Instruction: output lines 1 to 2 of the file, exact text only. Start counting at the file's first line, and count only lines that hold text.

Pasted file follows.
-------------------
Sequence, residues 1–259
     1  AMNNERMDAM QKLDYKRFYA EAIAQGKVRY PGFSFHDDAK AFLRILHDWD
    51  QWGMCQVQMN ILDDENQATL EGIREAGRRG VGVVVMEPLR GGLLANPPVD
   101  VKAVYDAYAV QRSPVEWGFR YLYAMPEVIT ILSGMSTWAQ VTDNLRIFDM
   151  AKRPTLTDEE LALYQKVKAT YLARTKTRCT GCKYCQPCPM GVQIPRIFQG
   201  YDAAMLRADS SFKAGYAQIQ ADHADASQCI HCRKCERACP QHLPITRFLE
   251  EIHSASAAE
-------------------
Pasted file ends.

Sequence, residues 1–259
     1  AMNNERMDAM QKLDYKRFYA EAIAQGKVRY PGFSFHDDAK AFLRILHDWD